Dorothy Dunning rallies national advocates to protest adoption law
Dunning, at center, flanked by supporters on Monday.
On Monday afternoon, about 25 of Dorothy Dunning's supporters gathered in the atrium of the Hennepin County Government Center. At one point, the crowd launched into a modified version of the spiritual, "Ain't Gonna Let Nobody Turn Me Around."
"I'm not going to let foster care turn me around," they sang. "I'm not going to let child protection turn me around... Keep marching up to freedom land."
On March 27, the Minnesota Supreme Court ruled that two young girls should be adopted by the foster parents they have lived with all their life, and not by Dunning, their biological grandmother. But despite the verdict against her -- and her dwindling options -- Dunning continues to fight for full custody of the girls, now ages two-and-a-half and three-and-a-half.
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Monday's rally kicked off what one speaker referred to as a "national protest" with the two-pronged mission of raising awareness for Dunning and lobbying for a new law that would create a clear relative preference. As Minnesota's law stands now, in contested adoption cases, judges should consider the relatives first, but beyond that, give them no preference.
Lennox Abrigo, the president of the Washington, D.C. chapter of the National Action Network -- the civil rights organization founded by Rev. Al Sharpton -- learned of the law when he read the court's decision on Dunning's case, and decided to start working to change it.
"What we would like to do is to talk to the legislators in Minnesota about addressing that law," Abrigo explains. "We think that custody should be awarded still by best interest, but with priority to the family."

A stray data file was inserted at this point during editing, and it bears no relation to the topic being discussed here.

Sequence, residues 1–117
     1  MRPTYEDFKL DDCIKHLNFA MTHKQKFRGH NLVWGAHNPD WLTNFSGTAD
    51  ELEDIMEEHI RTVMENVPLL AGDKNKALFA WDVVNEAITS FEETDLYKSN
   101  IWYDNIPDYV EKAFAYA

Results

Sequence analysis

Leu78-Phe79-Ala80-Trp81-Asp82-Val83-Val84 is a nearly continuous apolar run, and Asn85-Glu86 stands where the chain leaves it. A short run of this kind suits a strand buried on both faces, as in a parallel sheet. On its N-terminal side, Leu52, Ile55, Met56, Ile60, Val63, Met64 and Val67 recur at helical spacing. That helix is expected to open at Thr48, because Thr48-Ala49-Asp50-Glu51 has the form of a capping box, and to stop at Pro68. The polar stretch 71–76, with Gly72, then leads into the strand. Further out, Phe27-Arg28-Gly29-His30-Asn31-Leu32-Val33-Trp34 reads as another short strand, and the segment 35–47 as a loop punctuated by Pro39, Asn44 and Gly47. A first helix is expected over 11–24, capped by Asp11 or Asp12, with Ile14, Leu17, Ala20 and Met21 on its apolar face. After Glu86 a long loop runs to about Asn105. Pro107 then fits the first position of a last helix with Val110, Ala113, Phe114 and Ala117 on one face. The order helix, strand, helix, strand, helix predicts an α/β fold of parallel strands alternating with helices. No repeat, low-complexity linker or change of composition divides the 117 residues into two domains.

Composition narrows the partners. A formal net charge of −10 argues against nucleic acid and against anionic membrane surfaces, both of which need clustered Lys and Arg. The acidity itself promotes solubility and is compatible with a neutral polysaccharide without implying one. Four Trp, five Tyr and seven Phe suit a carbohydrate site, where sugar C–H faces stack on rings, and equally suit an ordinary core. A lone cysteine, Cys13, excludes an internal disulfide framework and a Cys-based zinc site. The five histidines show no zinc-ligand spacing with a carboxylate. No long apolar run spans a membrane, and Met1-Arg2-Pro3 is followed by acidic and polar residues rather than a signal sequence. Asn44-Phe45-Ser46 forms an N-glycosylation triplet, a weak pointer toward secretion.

Abrigo flew to Minneapolis for the rally, and in May, Dunning will return the favor, joining him in D.C. to meet with legislators. "The state of this now is that we need a political approach," Abrigo says.
When he addressed the crowd, he outlined four steps to that approach. First, he said, Dunning plans to file a petition asking the U.S. Supreme Court to hear her case. Second will be continuing public advocacy -- i.e., rallies and protests -- and third and fourth, lobbying legislators to change the law. In addition to looking at the best interest of the child, Abrigo says, "the law should say that the best interests of the biological relatives trump the best interests of the foster parents."
Lennox Abrigo, president of the D.C. chapter of the National Action Network, speaks, with Dunning at left.
"Here in Minnesota, we are taking a stand to begin a national protest against this redistribution of our children," Abrigo told the supporters. "During slavery, one of the primary methods of destruction was separating children from their families. We are very, very disturbed to see that this principle of dividing the black family continues."
Even as Dunning plans more protests -- the next one will happen on Thursday at the State Capitol -- she is close to exhausting her legal options. Though she will file for another appeal, the U.S. Supreme Court grants just 1 percent of petitions.
Still, she remains determined to adopt her granddaughters. "We're going to get a national investigation happening here," Dunning says. "Ain't nothing signed in stone."
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